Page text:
During the mayoral campaign and after his election, Tory dismissed concerns that his heavy rail SmartTrack plan and the three-stop Scarborough subway would steal each other’s riders because the stops were too close together. The numbers released Thursday show Tory was wrong. The report claims almost 4,000 subway riders travelling in the busiest direction at the busiest time — almost a third of the ridership — would be lost if SmartTrack trains run alongside it every five minutes.
Who will ride a one-stop subway?
The trouble is, it’s hard to know how that cannibalization will play out on a one-stop subway, with less station duplication but the same distance between the lines (staff believe the one-stop subway should also run along McCowan Ave.). Those numbers aren’t available yet and won’t be until June, but Keesmaat confirmed they expect the ridership to be lower than the three-stop subway.
What about the Sheppard LRT?
The Scarborough subway ridership numbers are based on a Sheppard LRT being built, connecting the current Sheppard subway into Scarborough’s city centre. But completion of the Sheppard LRT is far off, with construction delayed until after the Finch LRT is built. And it remains unclear whether it will proceed as an LRT at all. New city plans identify the line just as “Sheppard RT” or “rapid transit” which raises the question of whether a bus rapid transit route could be considered.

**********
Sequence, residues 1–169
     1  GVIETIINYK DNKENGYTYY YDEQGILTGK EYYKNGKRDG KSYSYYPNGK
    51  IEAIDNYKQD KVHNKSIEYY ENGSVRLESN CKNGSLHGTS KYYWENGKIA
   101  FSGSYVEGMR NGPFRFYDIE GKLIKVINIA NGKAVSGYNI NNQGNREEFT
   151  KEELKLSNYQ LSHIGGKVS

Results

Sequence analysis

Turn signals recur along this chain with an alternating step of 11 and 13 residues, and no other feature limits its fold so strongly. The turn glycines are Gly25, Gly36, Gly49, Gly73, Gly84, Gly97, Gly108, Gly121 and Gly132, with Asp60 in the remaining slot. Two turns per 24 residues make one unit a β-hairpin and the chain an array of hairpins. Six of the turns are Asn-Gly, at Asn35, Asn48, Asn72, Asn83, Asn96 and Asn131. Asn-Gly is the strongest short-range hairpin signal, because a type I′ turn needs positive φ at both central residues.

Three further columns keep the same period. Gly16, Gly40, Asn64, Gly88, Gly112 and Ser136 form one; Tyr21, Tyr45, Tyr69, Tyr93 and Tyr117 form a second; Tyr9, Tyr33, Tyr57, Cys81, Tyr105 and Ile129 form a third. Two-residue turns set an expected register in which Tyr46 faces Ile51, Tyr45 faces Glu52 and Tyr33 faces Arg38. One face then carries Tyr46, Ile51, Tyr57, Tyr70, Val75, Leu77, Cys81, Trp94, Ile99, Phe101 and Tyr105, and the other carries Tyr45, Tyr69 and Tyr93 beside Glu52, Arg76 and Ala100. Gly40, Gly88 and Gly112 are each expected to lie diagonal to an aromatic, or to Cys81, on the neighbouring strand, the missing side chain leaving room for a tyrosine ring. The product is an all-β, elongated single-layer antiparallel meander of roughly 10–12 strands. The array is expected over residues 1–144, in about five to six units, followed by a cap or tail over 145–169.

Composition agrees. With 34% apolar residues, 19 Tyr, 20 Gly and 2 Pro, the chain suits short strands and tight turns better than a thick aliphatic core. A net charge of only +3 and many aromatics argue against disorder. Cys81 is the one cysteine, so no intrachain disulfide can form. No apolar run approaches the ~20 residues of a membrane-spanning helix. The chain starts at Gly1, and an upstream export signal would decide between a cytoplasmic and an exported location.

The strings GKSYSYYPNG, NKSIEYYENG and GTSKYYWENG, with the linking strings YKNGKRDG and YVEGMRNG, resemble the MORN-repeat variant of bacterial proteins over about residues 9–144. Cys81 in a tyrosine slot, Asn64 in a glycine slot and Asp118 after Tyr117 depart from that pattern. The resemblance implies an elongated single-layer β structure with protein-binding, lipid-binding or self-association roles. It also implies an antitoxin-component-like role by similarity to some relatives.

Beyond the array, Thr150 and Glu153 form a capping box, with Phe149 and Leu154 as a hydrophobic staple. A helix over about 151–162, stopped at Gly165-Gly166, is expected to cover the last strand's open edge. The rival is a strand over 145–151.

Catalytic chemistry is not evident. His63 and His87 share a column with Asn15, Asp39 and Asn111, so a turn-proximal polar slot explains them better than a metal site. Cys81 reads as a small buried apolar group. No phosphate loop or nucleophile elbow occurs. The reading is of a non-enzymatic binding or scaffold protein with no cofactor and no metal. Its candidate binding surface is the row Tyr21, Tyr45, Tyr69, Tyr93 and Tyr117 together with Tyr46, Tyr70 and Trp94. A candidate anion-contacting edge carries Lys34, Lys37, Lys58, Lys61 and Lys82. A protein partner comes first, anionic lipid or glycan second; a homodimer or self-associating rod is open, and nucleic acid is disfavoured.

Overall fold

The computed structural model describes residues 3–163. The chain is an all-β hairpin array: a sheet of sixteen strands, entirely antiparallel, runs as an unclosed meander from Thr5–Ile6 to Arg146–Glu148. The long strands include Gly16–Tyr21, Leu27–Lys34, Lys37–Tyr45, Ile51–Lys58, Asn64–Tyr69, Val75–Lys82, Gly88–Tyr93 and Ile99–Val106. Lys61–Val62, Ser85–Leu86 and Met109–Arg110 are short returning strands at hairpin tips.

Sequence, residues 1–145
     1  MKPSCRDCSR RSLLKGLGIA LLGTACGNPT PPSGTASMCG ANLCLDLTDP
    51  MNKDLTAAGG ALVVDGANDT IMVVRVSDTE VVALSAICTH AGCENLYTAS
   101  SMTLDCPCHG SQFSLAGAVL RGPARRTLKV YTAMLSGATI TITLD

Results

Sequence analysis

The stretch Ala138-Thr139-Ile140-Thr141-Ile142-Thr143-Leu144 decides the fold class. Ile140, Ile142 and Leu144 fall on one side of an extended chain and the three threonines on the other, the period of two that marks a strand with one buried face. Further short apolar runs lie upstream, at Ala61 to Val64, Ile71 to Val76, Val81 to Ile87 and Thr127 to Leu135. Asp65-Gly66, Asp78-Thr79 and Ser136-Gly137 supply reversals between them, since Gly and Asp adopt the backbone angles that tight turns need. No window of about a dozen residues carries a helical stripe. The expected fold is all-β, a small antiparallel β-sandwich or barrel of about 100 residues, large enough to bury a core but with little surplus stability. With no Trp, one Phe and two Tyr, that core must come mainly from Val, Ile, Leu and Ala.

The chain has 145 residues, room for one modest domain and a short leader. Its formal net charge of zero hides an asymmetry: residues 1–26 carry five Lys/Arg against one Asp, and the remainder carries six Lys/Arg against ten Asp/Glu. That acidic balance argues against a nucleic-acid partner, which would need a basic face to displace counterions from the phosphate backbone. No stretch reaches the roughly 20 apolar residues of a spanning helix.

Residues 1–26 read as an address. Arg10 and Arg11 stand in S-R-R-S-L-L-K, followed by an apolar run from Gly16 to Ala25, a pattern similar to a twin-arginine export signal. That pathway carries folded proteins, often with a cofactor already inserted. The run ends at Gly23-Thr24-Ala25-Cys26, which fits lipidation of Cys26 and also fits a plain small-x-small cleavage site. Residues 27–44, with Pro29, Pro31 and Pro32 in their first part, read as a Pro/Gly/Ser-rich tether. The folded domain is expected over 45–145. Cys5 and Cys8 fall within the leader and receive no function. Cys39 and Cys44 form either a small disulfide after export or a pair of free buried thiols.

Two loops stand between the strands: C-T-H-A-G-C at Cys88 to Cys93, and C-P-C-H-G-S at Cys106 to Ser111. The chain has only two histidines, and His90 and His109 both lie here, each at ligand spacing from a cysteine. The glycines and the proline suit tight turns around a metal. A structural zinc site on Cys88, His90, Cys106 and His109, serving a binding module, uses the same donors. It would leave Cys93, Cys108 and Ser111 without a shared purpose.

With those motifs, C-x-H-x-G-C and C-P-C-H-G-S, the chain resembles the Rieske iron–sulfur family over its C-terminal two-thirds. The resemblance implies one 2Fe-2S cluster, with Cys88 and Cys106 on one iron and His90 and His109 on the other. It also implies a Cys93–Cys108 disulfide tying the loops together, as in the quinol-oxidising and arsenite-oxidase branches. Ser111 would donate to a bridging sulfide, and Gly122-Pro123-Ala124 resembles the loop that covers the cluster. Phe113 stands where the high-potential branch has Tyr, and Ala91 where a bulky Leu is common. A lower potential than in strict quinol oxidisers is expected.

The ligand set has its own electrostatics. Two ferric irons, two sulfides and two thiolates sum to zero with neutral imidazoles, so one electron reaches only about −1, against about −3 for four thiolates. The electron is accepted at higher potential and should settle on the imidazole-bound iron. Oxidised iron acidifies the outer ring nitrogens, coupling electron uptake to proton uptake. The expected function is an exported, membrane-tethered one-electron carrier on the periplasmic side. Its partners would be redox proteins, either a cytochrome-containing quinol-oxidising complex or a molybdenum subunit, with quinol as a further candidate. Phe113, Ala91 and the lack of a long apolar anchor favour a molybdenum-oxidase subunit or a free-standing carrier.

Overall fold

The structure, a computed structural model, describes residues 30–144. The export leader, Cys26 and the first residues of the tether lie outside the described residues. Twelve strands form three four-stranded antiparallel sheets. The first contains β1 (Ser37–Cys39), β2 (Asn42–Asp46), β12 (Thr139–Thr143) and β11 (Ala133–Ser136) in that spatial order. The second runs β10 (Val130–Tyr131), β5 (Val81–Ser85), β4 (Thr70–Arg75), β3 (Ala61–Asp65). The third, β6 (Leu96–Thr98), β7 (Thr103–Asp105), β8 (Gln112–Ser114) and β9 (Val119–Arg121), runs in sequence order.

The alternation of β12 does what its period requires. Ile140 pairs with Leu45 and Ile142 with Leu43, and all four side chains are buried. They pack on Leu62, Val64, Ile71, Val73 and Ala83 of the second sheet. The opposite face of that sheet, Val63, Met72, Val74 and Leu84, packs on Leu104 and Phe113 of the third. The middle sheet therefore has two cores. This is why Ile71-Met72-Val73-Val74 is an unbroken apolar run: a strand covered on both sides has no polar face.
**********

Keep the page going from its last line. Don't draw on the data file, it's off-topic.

Frequency of trains
Planners say the TTC has budgeted for enough trains to maintain the same frequency of service on the Scarborough subway extension that currently exists on the Bloor-Danforth line — which would see a train come about every two minutes during morning rush hour. However, if every other train turned back at Kennedy station, which would see trains come about every four minutes, ridership during those peak morning hours drops off by 16.7 per cent on the Scarborough extension. Figuring out that frequency also matters for costs — if trains loop back at Kennedy, a tail track will be need to be built to turn them around.
Subway versus subway
Rush hour ridership for the Scarborough subway (9,800) is actually higher than that of the relief line subway (7,300) with SmartTrack running every five minutes, according to the new study. Despite the Scarborough subway running through a much lower density area, Keesmaat said, because the transit network is “much more developed” around the future relief line (proposed to run from Nathan Phillips Square to Pape Station), riders are spread out across more surrounding transit options.
The trouble with ridership